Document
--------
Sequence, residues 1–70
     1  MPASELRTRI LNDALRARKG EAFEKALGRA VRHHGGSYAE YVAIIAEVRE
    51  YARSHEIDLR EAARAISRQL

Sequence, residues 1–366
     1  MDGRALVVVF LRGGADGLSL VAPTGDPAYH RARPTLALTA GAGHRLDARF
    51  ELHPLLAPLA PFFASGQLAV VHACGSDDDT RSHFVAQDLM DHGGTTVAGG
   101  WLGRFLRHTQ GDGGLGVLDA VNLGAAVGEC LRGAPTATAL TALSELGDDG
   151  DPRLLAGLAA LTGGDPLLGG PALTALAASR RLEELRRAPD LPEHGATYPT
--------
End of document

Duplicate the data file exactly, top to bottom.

Sequence, residues 1–70
     1  MPASELRTRI LNDALRARKG EAFEKALGRA VRHHGGSYAE YVAIIAEVRE
    51  YARSHEIDLR EAARAISRQL

Sequence, residues 1–366
     1  MDGRALVVVF LRGGADGLSL VAPTGDPAYH RARPTLALTA GAGHRLDARF
    51  ELHPLLAPLA PFFASGQLAV VHACGSDDDT RSHFVAQDLM DHGGTTVAGG
   101  WLGRFLRHTQ GDGGLGVLDA VNLGAAVGEC LRGAPTATAL TALSELGDDG
   151  DPRLLAGLAA LTGGDPLLGG PALTALAASR RLEELRRAPD LPEHGATYPT